Hyperthyrotropinemia among children with Down syndrome: a benign entity or a marker of disease?

Program: Abstracts - Orals, Featured Poster Presentations, and Posters
Session: SAT 622-631-Pediatric Endocrinology: Thyroid
Clinical
Saturday, June 15, 2013: 1:45 PM-3:45 PM
Expo Halls ABC (Moscone Center)

Poster Board SAT-624
Shanlee Marie Davis*1, Jennifer Marie Barker2 and Ellen Roy Elias1
1University of Colorado, Aurora, CO, 2Children's Hospital Colorado, Aurora, CO
Background:  Thyroid disease is common in Down syndrome (DS) with both congenital hypothyroidism and autoimmune thyroid disease occurring more frequently than in the general population.  Patients with DS are also more likely to have elevated Thyroid Stimulating Hormone (TSH) that may not represent a disease state.  Little is known about the prevalence or management of this subclinical hyperthyrotropinemia among children with DS.    

Methods:  Charts were reviewed for all children (0-18) with Down syndrome seen at Children’s Hospital Colorado primary care clinics in a 5 year period. Data on laboratory values, symptoms, and management were collected.   Subclinical hyperthyrotropinemia was defined as mildly elevated TSH (5-15) with normal or high T4, no symptoms attributable to hypothyroidism and without evidence of autoimmunity.

Results: 446 subjects met inclusion criteria. 169 (38%) had abnormal TSH on record: 6 (3%) had low TSH and were diagnosed with autoimmune hyperthyroidism, 20 (12%) were congenital hypothyroidism, and 143 (85%) was acquired elevation of TSH. Of those with acquired TSH elevation, 94 (66%) met the definition for hyperthyrotropinemia (TSH mean 9.9, range 4.95-14.9).  Average age of abnormal TSH was 2.7 years, 50% male. Among subjects with hyperthyrotropinemia, 29% were never treated with thyroid replacement hormone, 17% were initially treated but later taken off the medication, 37% remained on the same dose, and 17% had a dose increase.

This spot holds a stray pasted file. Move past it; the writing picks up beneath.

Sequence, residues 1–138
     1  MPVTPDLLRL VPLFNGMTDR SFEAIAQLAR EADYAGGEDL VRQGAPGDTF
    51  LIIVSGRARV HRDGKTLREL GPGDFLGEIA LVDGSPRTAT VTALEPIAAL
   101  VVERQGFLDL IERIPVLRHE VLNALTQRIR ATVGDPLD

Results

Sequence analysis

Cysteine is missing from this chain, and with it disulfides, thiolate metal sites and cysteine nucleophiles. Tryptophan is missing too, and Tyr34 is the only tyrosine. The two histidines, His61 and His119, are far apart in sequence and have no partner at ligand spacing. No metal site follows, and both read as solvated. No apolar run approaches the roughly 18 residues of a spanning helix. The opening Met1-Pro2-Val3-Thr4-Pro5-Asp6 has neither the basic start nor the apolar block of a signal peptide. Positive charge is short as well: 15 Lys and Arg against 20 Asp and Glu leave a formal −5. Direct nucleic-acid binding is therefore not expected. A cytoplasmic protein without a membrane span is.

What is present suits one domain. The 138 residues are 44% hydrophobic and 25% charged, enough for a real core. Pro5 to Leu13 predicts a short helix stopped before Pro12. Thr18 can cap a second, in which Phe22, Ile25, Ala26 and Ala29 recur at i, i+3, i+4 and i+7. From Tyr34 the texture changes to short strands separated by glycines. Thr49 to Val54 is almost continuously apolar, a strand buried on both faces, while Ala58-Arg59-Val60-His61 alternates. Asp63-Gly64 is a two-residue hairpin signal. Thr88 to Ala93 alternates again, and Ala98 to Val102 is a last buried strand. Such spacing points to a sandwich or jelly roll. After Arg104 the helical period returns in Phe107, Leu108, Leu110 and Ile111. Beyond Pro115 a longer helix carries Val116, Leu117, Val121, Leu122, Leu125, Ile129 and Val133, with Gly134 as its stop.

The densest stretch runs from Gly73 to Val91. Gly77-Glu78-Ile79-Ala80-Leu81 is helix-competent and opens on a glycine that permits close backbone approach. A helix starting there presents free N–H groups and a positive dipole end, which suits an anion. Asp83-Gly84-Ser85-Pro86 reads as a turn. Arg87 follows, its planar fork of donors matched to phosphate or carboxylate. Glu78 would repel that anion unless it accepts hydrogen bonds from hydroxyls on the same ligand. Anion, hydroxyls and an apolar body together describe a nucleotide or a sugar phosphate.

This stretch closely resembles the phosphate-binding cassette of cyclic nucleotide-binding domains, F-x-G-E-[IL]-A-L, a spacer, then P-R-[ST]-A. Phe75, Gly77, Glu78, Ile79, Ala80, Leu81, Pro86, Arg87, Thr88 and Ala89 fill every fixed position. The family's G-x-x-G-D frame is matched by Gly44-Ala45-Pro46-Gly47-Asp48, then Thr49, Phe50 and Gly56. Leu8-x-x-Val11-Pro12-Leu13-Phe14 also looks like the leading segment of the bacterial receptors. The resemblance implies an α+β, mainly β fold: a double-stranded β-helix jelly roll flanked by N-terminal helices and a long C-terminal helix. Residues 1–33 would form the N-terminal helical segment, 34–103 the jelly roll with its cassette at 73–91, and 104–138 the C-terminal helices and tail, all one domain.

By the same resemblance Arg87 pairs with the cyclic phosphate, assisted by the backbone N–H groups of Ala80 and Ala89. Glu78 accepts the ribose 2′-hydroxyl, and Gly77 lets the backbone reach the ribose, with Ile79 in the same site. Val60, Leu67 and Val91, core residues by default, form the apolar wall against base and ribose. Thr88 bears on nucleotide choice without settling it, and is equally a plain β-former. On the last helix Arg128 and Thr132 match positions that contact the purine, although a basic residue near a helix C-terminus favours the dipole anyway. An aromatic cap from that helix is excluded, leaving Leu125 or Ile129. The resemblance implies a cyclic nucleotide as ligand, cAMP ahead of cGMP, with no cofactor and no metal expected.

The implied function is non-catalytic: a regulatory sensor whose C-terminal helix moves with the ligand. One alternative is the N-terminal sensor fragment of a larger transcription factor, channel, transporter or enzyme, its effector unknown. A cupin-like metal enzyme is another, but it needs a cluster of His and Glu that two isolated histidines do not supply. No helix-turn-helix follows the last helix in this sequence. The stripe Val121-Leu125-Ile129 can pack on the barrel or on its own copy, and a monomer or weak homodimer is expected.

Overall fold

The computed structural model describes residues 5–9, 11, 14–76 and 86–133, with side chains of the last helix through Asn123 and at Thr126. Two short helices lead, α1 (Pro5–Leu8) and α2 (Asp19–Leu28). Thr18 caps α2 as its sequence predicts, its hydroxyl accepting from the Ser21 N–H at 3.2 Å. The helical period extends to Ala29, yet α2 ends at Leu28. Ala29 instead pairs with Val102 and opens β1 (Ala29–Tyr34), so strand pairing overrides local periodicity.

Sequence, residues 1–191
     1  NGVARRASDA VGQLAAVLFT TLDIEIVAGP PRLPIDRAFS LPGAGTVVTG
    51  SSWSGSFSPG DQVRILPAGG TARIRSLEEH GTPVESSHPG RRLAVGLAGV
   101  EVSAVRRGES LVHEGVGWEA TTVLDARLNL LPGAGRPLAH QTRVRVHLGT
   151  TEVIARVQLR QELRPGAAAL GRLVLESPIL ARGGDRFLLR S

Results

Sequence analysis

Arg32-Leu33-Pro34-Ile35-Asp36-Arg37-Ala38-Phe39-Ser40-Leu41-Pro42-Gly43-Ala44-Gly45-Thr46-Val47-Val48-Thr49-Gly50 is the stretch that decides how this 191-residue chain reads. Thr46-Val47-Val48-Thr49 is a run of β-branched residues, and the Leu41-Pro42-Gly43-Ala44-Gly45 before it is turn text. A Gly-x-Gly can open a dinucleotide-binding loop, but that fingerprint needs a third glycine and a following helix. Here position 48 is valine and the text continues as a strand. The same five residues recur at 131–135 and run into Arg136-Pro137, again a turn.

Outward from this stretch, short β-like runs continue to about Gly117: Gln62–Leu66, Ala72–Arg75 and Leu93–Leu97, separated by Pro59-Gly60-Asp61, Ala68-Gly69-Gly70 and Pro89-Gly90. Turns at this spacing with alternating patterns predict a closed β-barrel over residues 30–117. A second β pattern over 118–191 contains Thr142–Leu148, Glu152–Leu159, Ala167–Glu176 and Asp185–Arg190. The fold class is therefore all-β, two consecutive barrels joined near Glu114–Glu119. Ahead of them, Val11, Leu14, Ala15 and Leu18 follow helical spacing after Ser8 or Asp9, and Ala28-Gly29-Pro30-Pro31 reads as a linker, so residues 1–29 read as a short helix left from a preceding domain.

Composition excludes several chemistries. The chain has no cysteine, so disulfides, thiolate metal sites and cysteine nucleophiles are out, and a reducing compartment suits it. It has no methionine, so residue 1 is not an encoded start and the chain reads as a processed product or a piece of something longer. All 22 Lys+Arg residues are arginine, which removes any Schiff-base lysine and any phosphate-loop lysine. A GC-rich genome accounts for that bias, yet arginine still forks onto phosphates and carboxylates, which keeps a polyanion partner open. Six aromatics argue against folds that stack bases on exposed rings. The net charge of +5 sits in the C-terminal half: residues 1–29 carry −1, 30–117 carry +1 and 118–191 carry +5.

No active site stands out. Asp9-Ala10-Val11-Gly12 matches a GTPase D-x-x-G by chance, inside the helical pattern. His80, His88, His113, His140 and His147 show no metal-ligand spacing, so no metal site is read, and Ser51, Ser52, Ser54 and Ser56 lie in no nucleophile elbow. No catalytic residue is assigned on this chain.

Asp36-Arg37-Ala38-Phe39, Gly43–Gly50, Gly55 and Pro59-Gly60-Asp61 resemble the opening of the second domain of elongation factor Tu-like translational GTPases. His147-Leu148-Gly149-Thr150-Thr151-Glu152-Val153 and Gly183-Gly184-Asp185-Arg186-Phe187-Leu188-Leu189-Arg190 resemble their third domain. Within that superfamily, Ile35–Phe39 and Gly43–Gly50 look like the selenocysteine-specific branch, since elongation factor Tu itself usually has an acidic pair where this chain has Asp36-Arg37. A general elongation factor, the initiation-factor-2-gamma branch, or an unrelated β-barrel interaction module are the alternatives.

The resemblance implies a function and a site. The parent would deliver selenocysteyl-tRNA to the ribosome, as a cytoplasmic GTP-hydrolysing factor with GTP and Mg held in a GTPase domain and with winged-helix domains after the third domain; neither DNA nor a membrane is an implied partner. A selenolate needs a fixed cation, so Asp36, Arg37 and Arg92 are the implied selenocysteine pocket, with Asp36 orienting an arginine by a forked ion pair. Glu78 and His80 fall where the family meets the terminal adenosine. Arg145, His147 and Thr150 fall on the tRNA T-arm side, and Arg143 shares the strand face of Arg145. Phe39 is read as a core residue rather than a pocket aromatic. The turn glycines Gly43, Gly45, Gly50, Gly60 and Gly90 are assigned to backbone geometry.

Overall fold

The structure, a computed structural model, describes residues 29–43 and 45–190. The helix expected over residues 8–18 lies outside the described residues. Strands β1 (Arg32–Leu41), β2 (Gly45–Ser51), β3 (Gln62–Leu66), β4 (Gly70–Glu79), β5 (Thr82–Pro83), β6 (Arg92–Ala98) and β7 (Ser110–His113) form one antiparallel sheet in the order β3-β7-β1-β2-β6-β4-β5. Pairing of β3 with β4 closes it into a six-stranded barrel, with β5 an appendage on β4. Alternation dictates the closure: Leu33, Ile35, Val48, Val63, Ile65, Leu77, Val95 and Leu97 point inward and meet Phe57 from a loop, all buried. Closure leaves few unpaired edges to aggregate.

Discussion:  In this retrospecitive chart review, more than 20% of children with DS had a presentation consistent with hyperthyrotropinemia. There was not a female predominance which suggests this is not simply a "pre-Hashimoto's" state.  Previous studies suggest hyperthyrotropinemia may be due to inadequate dopaminergic regulation of pituitary TSH secretion unique to DS and may not require treatment, however our study suggests the management of this clinical scenario varies greatly. Future research should focus on neurodevelopmental outcomes among children with DS and hyperthyrotropinemia to allow for development of management guidelines in this population given the high prevalence and frequent screening recommendations in DS.

(1) Faria et al., TSH Neurosecretory dysfuntion in Down syndrome: low risk of progression to Hashimoto’s thyroiditis, Arq Bras Endocrinol Metab 2011; 55:8. (2) Meyerovitch et al., Hyperthyrotropinaemia in untreated subjects with Down syndrome aged 6 months to 64 years: a comparative analysis. Arch Dis Child 2012: 97: 595-598. (3) Prasher VP. Down syndrome and thyroid disorders: a review. Downs Syndr Res Pract. 1999 Aug;6(1):25-42.

Nothing to Disclose: SMD, JMB, ERE

*Please take note of The Endocrine Society's News Embargo Policy at http://www.endo-society.org/endo2013/media.cfm